Ecological research in images

(Click the below image to view the photo gallery.) This week, the American Museum of Natural History launched the exhibit “Picturing Science: Museum Scientists and Imaging Technologies” which explores the images produced by scientists while performing research. The images range from bug genitalia to staghorn coral (see video at the end of this post). As quoted in a recent Wired Science article, “‘A lot of people come to the museum under [the] impression that we just look at stuff in dusty jars, but that couldn’t be further from the truth,’ said zoologist Mark Siddall, curator of the museum’s new exhibit. ‘There’s a lot of solid, cutting-edge research going on here with incredibly advanced technology.’” Dave Mosher explained in the Wired Science article that images like these are a large part of any scientific endeavor, but often times, these images are filed away—never to be seen by the public. Of course, there are journals that publish images alongside the research articles. While they are all accessible through searches, these images are not typically displayed like those that are being featured in the AMNH’s new exhibit. The above photo gallery presents only some of the images that have been featured in the Ecological Society of America’s journals over the last decade or so. Click on the image to scroll through and learn a bit about the research corresponding with each image. Many of the images featured in ESA journals are taken by the researchers themselves. Browse all of the cover images on ESA’s journals...

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Panda paradox: Which came first, a taste for bamboo or a distaste for meat?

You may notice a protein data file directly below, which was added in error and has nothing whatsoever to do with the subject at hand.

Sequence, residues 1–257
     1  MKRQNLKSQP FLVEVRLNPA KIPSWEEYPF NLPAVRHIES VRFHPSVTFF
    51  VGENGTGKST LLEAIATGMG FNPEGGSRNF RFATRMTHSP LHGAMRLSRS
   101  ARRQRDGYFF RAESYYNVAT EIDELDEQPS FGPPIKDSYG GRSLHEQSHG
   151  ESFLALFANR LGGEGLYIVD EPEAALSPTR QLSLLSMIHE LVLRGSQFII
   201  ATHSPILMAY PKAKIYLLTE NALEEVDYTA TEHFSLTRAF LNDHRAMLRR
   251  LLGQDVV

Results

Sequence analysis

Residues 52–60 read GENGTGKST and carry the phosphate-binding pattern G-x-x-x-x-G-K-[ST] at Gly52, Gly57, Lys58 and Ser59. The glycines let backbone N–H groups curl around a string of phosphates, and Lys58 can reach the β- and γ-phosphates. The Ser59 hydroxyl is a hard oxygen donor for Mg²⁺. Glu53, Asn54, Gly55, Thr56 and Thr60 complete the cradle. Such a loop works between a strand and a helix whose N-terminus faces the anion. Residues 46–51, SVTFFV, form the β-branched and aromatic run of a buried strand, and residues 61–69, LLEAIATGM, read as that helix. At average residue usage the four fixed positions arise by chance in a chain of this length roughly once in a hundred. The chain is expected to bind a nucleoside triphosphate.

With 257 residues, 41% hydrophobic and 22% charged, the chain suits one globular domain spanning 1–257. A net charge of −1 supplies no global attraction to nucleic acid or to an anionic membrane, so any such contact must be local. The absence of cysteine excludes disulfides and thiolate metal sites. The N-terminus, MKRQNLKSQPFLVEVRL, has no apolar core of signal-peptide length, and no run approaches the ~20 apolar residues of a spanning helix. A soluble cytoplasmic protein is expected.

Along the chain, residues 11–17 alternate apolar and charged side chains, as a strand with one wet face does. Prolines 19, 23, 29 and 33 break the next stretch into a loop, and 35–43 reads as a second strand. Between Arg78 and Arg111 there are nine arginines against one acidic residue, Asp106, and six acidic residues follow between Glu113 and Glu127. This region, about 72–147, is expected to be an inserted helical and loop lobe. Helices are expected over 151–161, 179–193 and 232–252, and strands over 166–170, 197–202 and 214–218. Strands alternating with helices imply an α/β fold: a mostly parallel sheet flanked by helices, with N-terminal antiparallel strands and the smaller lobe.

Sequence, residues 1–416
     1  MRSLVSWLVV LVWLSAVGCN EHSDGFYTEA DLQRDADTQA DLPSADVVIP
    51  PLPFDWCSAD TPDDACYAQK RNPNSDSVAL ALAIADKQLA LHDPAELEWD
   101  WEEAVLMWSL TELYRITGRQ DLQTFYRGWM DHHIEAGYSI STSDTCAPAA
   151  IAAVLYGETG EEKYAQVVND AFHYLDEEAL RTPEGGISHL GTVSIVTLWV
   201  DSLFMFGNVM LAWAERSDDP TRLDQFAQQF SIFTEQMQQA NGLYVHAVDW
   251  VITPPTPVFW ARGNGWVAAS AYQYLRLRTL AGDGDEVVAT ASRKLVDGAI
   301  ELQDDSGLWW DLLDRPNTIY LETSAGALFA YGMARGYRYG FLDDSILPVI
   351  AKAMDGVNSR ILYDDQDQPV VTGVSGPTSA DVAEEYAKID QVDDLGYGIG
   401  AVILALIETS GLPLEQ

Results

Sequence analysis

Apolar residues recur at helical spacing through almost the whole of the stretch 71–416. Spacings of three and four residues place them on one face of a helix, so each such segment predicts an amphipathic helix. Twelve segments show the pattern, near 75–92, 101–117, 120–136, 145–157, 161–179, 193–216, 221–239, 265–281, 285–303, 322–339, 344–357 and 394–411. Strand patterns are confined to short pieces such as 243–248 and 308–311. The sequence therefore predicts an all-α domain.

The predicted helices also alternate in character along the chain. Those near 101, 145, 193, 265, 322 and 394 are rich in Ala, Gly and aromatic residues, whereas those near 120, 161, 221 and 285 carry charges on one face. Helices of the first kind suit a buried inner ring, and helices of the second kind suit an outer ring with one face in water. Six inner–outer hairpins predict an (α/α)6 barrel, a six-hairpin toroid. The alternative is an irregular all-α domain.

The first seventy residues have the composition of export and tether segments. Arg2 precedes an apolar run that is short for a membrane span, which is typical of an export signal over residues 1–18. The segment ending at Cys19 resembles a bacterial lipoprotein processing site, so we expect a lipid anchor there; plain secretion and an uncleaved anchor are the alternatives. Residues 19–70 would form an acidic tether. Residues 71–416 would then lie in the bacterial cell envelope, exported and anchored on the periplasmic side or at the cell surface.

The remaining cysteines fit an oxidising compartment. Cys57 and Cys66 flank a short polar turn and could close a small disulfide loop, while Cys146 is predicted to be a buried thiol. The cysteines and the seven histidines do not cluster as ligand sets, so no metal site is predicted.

This post contributed by Monica Kanojia, Administrative Assistant/Governance for ESA While a vegetarian lifestyle is a choice made by omnivorous humans, the panda population may have been forced to convert  to a vegetarian diet between 2 and 7 million years ago to ensure survival. The preference for bamboo is unusual for pandasbecause they are classified as carnivores  even though their diet is 99% bamboo. Even more unusual is the fact that their digestive system is unable to process cellulose, the major component of plant cell walls. According to research published in Nature, the bamboo diet is both influenced by genetics, and it depends on the digestive microbes present in the panda gut. Everything from what we eat, to what we taste, to how we eat is determined by our genetics. Umami—the basic taste associated with an amino acid common in protein heavy foods like meat—is sensed through the T1R gene family in carnivores. But in pandas, the T1R gene family has experienced mutations causing the inactivation of the T1R1 gene, making it a pseudogene. Pseudogenes have either lost protein coding ability or are no longer expressed in the cell. Ruiqiang Li and the team who sequenced the genome found that the malfunction of the T1R1 gene occurred relatively recently in the panda lineage: Estimated loss was about 4.2 million years ago. The malfunction of the umami taste receptor may explain why pandas have a preference for bamboo versus meat. Gene mutations are random and can change the habits of an organism, affecting its entire existence. In the case of the pandas, it changed the way pandas perceived meat. Despite the loss of taste for meat the digestive system of the pandas remained able to process it because all the enzymes required to were still present in their system. The ability to process plant material on the other hand was not natural. According to Li et al.’s research pandas do not have the necessary enzymes to digest bamboo, hinting at the idea that their ability to do so is dependent upon their gut microbes. Luckily for the endangered pandas, according to a molecular analysis conducted by Li and his colleagues, they have a very high rate of genetic variation in spite of their low population numbers. The abundance of some genetic changes within the gene pool can be reduced by natural selection, while other “more favorable” mutations may accumulate and result in adaptive changes; this may be part of the reason why the panda population converted from meat eaters to plant eaters as well. Logically, it would go as follows: The panda population experienced a mutation affecting taste buds which...

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